Have a “Real” Green Christmas

More people than ever are concerned with how things affect the environment. Although this concern often gets lost in the hustle and bustle of the holidays, families can easily make one choice that will help them do their part to better the environment as well as help their local economy. That choice is to use a fresh, natural Real Christmas Tree as the centerpiece of their holiday celebration. “Unlike artificial trees, Real Christmas Trees are renewable and recyclable, ” says Mel Koelling, Forestry Professor Michigan State University, “However, many people still perceive cutting trees down as bad for the environment and that is not the case. Real Christmas Trees no longer come from the forest. They are grown on farms throughout North America.” In fact, Michigan is the third largest producer of Christmas Trees in the United States, selling on average 3 million trees a year. So how exactly are you helping the environment by purchasing a real Christmas tree? 1: Christmas trees are renewable. For every tree that is harvested, growers will plant 2-3 more trees to replace the one harvested, continuing the growing cycle. 2: Christmas trees are 100% recyclable. Trees can be used as mulch, fuel chips, and wildlife shelter after the holidays. Artificial trees are not recyclable and often contain non-biodegradable materials such as PVC that can be harmful to the environment.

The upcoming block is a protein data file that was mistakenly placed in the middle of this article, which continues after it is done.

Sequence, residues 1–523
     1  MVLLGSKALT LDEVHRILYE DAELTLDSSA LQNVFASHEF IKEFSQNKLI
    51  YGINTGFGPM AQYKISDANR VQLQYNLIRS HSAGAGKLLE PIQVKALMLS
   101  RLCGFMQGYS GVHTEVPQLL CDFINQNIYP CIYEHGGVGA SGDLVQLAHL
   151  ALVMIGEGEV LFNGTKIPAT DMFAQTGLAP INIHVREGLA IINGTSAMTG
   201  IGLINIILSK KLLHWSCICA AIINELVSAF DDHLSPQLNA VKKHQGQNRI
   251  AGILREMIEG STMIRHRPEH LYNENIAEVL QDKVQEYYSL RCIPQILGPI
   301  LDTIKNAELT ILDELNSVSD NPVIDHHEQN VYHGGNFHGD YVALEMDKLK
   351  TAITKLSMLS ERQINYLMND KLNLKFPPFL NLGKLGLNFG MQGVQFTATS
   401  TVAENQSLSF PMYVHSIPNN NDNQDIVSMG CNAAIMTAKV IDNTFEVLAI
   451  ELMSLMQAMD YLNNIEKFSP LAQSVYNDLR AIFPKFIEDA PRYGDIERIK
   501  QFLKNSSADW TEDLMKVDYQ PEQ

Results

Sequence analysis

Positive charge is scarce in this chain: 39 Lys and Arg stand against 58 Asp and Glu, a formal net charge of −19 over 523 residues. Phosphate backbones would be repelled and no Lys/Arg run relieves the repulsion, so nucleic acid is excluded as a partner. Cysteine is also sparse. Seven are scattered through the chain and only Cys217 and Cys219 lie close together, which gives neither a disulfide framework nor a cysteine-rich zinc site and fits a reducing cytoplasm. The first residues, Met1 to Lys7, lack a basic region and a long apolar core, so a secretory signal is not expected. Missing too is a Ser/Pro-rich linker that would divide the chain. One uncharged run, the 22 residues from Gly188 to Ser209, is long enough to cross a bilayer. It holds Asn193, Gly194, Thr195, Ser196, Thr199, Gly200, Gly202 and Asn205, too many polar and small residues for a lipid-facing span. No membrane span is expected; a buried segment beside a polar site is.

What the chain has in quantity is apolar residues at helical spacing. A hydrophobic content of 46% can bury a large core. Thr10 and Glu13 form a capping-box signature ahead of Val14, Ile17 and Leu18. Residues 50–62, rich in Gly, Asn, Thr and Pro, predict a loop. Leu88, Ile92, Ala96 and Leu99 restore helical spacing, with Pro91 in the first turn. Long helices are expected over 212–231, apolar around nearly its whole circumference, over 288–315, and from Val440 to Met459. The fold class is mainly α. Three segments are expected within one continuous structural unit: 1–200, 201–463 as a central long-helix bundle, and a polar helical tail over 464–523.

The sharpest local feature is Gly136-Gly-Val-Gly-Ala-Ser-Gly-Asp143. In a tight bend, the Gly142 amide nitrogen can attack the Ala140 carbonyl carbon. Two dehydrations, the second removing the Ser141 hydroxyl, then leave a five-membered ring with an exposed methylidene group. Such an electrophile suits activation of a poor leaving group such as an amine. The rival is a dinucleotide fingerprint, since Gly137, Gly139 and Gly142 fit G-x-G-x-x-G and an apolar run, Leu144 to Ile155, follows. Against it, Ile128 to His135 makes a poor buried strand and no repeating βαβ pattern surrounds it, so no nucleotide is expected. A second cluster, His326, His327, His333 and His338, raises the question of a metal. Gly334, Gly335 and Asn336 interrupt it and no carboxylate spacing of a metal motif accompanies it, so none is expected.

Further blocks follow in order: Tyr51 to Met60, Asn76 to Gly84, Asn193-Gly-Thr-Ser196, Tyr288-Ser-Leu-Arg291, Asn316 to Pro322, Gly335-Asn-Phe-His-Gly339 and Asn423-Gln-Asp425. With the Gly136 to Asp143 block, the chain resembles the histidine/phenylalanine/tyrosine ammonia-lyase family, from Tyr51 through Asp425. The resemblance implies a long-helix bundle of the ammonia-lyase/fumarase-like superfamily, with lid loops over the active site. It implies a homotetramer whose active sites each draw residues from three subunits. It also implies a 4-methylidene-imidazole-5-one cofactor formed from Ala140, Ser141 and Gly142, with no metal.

So as you celebrate the season of Peace on Earth, Good Will Toward Men; provide some peace TO the Earth and goodwill toward the environment. Bring home a real Michgan tree this Christmas, and feel good about contributing to a healthy environment, supporting a family farm and spending money in your own community.

For more information…

Michigan Christmas Tree farm directory (Find a tree close to you)

Selection and care of your tree


One comment on “Have a “Real” Green Christmas

  1. Chris,

    While I agree, for the most part, and do use real Christmas trees every year, there is also a cost to this approach as well. Increase in demand for Christmas trees would surely result in new land being used for these crops. Should the land come from some other less profitable crop then no loss but should deciduous forest be cleared to make way for sparsely planted pines then there is surely an environmental cost. Living in the Holland area, I see this with Blueberry farms continuously expanding at the expense of forests.


    Daniel T

Leave a Reply

Your email address will not be published. Required fields are marked *